Palos Verdes Peninsula High School sophomore and crossword puzzle creator David Steinberg made headlines last year when, at the age of 14, he became one of the youngest constructors to have a crossword puzzle published in the New York Times.
Now Steinberg, 15, is looking to the past as he works to bring more than 16,000 old New York Times crossword puzzles into the future through a digitization project he started during a high school science research course at Peninsula High School.
According to Steinberg, through the massive undertaking, he hopes to digitize and make fully analyzable crossword puzzles created between Feb. 15, 1942 and Nov. 20, 1993, an era prior to the editorship of the well-known New York Times crossword puzzle editor Will Shortz.
It is a project he has coined the "Pre-Shortzian Puzzle Project."
"These puzzles are an amazing historical record—not just of crossword construction, but also of the times in which they were written," said Steinberg. "Someday in the not-too-distant future, all the pre-Shortzian puzzles will be available and analyzable."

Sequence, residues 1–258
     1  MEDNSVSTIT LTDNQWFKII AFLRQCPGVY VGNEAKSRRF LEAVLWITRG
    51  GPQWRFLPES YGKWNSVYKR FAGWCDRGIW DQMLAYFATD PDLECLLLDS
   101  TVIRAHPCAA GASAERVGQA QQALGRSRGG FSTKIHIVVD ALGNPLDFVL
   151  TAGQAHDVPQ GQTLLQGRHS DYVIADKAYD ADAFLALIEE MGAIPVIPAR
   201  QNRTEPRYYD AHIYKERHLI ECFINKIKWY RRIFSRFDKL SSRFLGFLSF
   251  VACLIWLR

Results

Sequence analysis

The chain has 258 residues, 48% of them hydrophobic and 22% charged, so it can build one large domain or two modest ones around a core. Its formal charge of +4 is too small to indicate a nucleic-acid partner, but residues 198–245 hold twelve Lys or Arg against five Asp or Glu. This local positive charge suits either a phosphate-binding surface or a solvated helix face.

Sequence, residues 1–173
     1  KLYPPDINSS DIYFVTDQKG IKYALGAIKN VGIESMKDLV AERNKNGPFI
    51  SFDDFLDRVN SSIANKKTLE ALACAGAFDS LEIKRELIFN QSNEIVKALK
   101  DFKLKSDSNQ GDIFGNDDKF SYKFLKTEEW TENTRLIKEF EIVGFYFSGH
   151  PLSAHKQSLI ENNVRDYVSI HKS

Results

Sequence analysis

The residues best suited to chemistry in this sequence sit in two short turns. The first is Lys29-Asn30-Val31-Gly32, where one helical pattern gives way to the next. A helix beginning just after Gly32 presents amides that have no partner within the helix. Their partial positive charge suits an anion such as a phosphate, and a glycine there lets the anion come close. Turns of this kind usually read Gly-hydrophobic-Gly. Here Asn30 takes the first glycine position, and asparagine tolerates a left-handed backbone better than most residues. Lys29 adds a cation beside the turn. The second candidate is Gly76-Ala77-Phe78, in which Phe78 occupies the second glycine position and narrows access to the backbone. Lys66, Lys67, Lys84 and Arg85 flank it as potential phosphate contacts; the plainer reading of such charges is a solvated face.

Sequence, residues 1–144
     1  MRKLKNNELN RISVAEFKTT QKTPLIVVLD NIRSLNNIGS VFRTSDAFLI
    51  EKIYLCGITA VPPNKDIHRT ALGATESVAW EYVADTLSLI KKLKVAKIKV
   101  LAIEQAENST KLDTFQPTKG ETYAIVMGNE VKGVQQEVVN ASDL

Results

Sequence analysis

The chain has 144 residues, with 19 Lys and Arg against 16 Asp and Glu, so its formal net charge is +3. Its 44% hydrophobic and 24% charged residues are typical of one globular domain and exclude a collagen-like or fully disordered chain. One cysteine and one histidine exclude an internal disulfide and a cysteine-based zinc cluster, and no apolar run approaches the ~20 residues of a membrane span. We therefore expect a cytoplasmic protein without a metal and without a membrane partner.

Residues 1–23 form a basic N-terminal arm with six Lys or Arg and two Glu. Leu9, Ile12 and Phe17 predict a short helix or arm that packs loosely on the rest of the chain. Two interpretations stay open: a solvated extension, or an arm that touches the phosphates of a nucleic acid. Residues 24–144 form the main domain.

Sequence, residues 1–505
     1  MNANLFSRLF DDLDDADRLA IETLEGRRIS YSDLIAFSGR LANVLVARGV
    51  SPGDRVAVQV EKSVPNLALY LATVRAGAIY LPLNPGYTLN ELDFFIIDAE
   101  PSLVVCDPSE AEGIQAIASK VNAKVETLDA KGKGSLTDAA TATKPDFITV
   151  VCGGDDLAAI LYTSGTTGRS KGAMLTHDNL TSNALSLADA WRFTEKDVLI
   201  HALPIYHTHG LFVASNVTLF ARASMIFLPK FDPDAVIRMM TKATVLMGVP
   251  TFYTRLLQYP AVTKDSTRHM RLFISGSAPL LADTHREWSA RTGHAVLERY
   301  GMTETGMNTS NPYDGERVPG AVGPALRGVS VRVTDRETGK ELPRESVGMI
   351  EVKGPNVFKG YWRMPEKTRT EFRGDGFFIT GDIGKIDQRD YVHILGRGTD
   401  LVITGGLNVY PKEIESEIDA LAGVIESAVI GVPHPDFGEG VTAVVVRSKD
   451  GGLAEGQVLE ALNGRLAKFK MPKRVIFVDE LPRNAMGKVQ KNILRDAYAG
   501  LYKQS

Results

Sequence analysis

Each crossword puzzle Steinberg digitizes must be manually entered into crossword construction software and then proofread—a process known as "Litzing." With the massive amount of puzzles to be entered though, Steinberg knew he needed to recruit some help.
Since the project's inception, Steinberg has recruited close to 30 people worldwide—known as "Litzers"—who help him with the project. Will Shortz himself as well as Newsday crossword editor Stanley Newman have joined the project as editorial advisors.
According to Steinberg's blog, the project is currently about one-third complete; puzzles from 1988 were recently uploaded.
Steinberg's efforts have earned him honors from the Mu Alpha Theta Mathematics Honor Society for "the most challenging, original, thorough, and creative investigation of a problem involving mathematics accessible to a high school student."
More information on the project can be found on the
Pre-Shortzian Puzzle Project blog.